In addition to increasing the likelihood of gender-related discrimination against women, male-dominated workplaces pay less attention to gender diversity (43%) and cause women to feel a need to prove themselves all or some of the time (79%), according to Pew’s research. As a comparison, only 44% of women working in environments with a better gender-diversity balance said they experienced gender-related discrimination at work, 15% felt their organization paid “too little” attention to gender diversity, and 52% said they felt a need to prove themselves.
Women of color face more significant challenges in the tech industry — and they are greatly underrepresented. While a total of 27% of computing roles are held by women, only 3% and 2% are held by Black and Hispanic women, respectively, according to Accenture. Out of 390 women of color in tech surveyed, only 8% said it is “easy” for them to thrive, compared to 21% of all women. In less-inclusive company cultures, 62% of women of colour say they’ve experienced “inappropriate remarks or comments,” a number that drops to 14% for inclusive cultures.
LBT women face similar barriers, with only 9% of LBT women IT workers reporting that it’s “easy” to thrive in tech, while 23% of non-LBT women say the same. LBT tech workers also face higher rates of experiencing public humiliation or embarrassment (24%) or bullying (20%) in the workplace. The survey found that 83% of LBT women working in more-inclusive cultures reported “loving” their jobs and 85% describe their workplace environment as “empowering,” compared to 35% and 20%, respectively, in less-inclusive environments. Similarly, LBT women in less-inclusive cultures were half as likely to say they experienced inappropriate remarks or comments, were made to feel that the job was not for “people like them.”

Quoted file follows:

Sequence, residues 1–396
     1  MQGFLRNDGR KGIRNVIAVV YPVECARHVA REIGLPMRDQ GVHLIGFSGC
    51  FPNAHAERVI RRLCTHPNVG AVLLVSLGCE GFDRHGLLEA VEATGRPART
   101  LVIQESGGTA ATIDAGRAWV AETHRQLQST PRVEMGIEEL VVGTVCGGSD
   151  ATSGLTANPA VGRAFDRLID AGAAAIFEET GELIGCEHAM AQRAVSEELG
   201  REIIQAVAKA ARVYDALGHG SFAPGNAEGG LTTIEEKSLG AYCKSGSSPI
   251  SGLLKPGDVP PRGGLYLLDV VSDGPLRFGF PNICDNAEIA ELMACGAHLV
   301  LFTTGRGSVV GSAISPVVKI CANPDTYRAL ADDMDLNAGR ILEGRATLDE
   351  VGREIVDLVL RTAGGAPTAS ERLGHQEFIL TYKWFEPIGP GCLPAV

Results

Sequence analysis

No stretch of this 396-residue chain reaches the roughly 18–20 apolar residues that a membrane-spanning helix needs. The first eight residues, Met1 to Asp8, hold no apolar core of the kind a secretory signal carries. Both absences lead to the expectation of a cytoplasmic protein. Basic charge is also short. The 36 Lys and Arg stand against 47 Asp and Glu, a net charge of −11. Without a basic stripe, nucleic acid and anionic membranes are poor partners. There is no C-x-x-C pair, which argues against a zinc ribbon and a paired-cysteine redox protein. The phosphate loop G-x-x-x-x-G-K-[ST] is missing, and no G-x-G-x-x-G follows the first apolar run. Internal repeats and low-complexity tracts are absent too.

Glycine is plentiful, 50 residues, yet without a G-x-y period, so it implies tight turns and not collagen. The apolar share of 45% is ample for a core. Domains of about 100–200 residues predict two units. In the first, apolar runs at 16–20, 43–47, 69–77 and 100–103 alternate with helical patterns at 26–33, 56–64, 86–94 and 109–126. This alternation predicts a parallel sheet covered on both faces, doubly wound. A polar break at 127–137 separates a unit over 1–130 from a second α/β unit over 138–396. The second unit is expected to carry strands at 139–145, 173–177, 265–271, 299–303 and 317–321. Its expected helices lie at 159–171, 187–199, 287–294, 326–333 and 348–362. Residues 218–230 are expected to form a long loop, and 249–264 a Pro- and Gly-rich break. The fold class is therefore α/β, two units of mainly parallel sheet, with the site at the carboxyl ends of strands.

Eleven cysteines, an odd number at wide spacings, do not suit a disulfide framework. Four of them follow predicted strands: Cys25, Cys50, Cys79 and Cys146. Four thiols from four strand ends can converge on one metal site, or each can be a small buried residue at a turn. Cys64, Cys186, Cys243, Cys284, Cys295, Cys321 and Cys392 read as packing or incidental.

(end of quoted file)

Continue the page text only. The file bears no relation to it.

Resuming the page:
The pandemic has also left women less likely to ask for a raise or a promotion, compared to their male colleagues. In a report from Indeed, surveying 2,000 tech workers, 67% of male respondents said they would be comfortable asking for a raise in the next month and for a promotion. But only 52% of women said they’d be comfortable asking for a raise and 54% said they’d be comfortable asking for a promotion. Women were also less likely to say they felt comfortable asking for flexibility around work location, schedule, or hours than their male counterparts. As the study points out, if women feel discouraged from asking for a raise, while their male colleagues are comfortable doing so, that could lead to widening the gender pay gap in the tech industry even more.
The businesswoman and peer Martha Lane Fox has criticised the lack of gender diversity in the UK technology industry, saying it has not progressed in 25 years.
Lady Lane-Fox of Soho shot to prominence in the late 1990s as the co-founder of Lastminute.com, a travel booking website that became one of the symbols of the UK’s 1990s internet boom. However, she said many of the same issues she had experienced then are still prevalent in the tech industry.
“I never imagined that now in 2022, some of the dynamics of the industry that I was enjoying building my business in would still be so terrible,” she said, in a speech at an event held by WorkL, a company that works with businesses to track employee welfare.
The technology industry has long failed to hire enough women, and misogyny is still endemic in online culture. Only 21% of IT professionals and 12.5% of engineers were women, compared with more than half the population, in a survey for the Wise campaign.
Here at Hire STEM Women we advocating to hire more women in technology, get in touch with us now to find out more on how we are tackling the gender diversity battle in technology.